Germans love cash – that’s why the card has a hard time

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The critical love of Germans is unwavering – that’s why the card goes through hard times

Neither digitization nor a pandemic can replace money Neither digitization nor a pandemic can replace money

Neither digitization nor a pandemic can replace money

Source: pa / Ulrich Baumgarten

Germans still prefer to pay in cash. This is despite the fact that retailers have been demanding card payments due to the coronavirus pandemic. The fact that there are fewer and fewer ATMs does not change that. Many have always been getting their tickets elsewhere.

sSome of them are still hung in supermarkets today: small banners with a request for cashless payment if possible. For health reasons, many retailers wanted to ban banknotes and coins from their plows at the height of the Corona pandemic.

However, this cannot break the Germans’ love of cash, as the current study by the Bundesbank on payment behavior shows. According to this, consumers made a total of 58 percent of their payment transactions with banknotes and coins last year. The percentage is down compared to the last major survey in 2017. At the time it was still 74 percent. The decline in the use of cash is mainly due to the growth of online purchases during the Corona crisis, the Bundesbank explains.

Source: Infographic World

“Neither digitization nor the pandemic has been able to replace cash,” says Johannes Bermann, the Bundesbank’s board member responsible for cash. “When it comes to making payments, cash is still the most popular in Germany.” This is likely to remain the case: the vast majority of those surveyed (69 percent) said they would continue to pay with coins in the future.

According to the survey, they valued privacy protections above all else, emphasized a good outlook for spending – and considered coins and banknotes to be particularly reliable. The recent turmoil in retail card readers has proven them right. Since May 24, thousands of devices from the US company Verifone have failed. Therefore, for several days, consumers were unable to use the card to pay for their purchases in many supermarket chains and pharmacies.

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Perhaps that is why so few consumers rely exclusively on plastic in their wallets. On average, individuals carried around 100 euros with them last year – nearly four years (103 euros). The fact that more and more bank branches are closing is unlikely to change that. Because when it comes to providing cash, the retail business itself is playing an increasing role. At the moment, you can not only pay for your purchases with the card, but also withdraw cash at the same time.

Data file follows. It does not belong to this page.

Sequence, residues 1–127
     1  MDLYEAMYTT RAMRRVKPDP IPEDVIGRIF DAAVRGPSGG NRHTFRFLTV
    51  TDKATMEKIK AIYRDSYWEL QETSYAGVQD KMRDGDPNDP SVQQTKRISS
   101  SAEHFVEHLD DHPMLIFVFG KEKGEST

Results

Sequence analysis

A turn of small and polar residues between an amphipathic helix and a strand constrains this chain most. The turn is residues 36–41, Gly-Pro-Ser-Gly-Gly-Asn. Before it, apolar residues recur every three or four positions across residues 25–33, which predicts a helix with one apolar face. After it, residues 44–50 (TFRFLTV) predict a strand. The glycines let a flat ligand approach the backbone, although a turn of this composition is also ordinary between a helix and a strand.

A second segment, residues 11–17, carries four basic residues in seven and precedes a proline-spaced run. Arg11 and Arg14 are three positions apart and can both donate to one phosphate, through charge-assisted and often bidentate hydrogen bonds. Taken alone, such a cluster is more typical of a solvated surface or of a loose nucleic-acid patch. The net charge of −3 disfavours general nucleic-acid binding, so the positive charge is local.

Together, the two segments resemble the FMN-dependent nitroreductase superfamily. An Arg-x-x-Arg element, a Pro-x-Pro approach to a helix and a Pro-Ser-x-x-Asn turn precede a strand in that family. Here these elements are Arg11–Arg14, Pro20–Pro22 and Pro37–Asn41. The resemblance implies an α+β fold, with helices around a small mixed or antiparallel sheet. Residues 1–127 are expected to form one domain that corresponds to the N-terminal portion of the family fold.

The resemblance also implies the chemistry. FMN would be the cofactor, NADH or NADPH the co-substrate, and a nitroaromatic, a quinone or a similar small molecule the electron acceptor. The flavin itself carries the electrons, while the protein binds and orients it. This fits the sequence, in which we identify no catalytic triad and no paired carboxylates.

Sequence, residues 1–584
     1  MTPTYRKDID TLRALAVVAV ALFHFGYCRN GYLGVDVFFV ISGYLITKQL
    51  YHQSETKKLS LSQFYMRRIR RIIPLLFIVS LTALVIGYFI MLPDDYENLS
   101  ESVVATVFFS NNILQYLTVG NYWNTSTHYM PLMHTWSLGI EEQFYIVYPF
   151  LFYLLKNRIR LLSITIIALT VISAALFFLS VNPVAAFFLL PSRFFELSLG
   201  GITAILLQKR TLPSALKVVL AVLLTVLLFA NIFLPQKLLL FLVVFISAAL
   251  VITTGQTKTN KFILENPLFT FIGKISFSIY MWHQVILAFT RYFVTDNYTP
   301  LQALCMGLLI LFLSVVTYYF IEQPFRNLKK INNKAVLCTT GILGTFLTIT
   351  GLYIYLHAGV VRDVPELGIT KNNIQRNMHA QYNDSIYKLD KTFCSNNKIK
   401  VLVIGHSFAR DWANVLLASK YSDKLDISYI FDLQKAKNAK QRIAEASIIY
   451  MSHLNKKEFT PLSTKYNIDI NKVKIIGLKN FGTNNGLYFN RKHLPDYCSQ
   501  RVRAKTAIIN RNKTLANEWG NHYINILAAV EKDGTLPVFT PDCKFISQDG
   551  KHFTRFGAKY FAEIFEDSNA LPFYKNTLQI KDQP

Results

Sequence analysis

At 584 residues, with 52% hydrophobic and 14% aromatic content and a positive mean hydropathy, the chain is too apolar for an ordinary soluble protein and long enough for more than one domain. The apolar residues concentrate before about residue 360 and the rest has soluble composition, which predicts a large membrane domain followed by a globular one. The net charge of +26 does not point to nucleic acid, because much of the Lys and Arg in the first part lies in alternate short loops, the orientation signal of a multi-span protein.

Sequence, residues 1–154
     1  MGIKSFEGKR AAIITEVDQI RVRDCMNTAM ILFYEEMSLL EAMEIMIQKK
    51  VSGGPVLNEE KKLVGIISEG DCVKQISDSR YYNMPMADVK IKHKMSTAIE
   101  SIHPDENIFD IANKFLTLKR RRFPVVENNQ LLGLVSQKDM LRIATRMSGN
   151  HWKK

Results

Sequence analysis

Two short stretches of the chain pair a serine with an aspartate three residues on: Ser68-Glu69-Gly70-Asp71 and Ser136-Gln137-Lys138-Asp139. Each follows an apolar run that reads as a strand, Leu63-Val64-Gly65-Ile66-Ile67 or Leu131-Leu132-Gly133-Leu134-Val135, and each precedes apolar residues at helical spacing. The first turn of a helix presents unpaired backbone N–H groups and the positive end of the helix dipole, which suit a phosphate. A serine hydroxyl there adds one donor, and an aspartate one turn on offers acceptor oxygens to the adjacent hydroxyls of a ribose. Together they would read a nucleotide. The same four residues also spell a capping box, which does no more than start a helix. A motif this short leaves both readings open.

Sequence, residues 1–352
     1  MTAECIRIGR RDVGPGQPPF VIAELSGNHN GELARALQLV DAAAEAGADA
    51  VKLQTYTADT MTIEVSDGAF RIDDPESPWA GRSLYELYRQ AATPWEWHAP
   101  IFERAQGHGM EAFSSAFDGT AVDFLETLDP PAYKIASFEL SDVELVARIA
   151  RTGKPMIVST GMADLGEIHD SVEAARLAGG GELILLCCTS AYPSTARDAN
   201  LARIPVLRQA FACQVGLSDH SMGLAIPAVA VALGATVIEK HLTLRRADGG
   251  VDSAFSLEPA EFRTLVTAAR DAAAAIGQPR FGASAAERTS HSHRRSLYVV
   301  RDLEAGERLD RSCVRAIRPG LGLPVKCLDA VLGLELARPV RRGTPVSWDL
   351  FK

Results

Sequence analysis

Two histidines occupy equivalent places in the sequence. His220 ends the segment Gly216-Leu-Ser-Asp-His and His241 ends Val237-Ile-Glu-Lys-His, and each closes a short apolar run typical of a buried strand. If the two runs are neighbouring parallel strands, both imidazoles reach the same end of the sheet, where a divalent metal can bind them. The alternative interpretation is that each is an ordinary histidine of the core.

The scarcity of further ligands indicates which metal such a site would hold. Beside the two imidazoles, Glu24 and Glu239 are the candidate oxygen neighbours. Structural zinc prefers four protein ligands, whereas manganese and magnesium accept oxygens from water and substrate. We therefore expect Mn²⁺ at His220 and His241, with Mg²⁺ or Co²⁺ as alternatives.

According to a recent survey by the EHI Retail Institute, nearly nine out of ten supermarkets and pharmacies offer this service. And consumers seem to be benefiting increasingly from this. Generally, companies pay approximately ten percent of their total cash sales to their customers in this way. This percentage has increased significantly during the Corona pandemic period. In 2019 it was still 2.8 per cent.

Source: Infographic World

But you only get cash if you buy something. In most cases, withdrawals are associated with minimum amounts between five and 20 euros. A necessary evil for the customer, as some merchants can achieve higher sales. However, the industry is not satisfied. After all, companies have to pay a fee to the banking sector on the amount paid – on average, it’s 0.13 percent of the amount withdrawn. Retailers consider this compensation unjustified. Because the service also eases the credit industry. “This gives them the opportunity to incrementally break up ATMs and cut costs,” says EHI.

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However, cash lovers should not write off the card. According to the Bundesbank, 17 percent of those surveyed said they had discovered other means of payment primarily due to the coronavirus pandemic. Phone and contactless payments often make it easier to shop. After all, small payments can now be made without entering the PIN or simply by showing the smartphone. For the study, the Bundesbank surveyed a total of more than 5,800 adults between September and December 2021.

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To view embedded content, your revocable consent to the transfer and processing of personal data is required, since such consent is required by embedded content providers as third-party providers [In diesem Zusammenhang können auch Nutzungsprofile (u.a. auf Basis von Cookie-IDs) gebildet und angereichert werden, auch außerhalb des EWR]. By setting the switch to “On”, you agree to this (which can be revoked at any time). This also includes your consent to the transfer of certain personal data to third countries, including the United States of America, in accordance with Article 49(1)(a) of the General Data Protection Regulation (GDPR). You can find more information about this. You can withdraw your consent at any time via the toggle and via Privacy at the bottom of the page.

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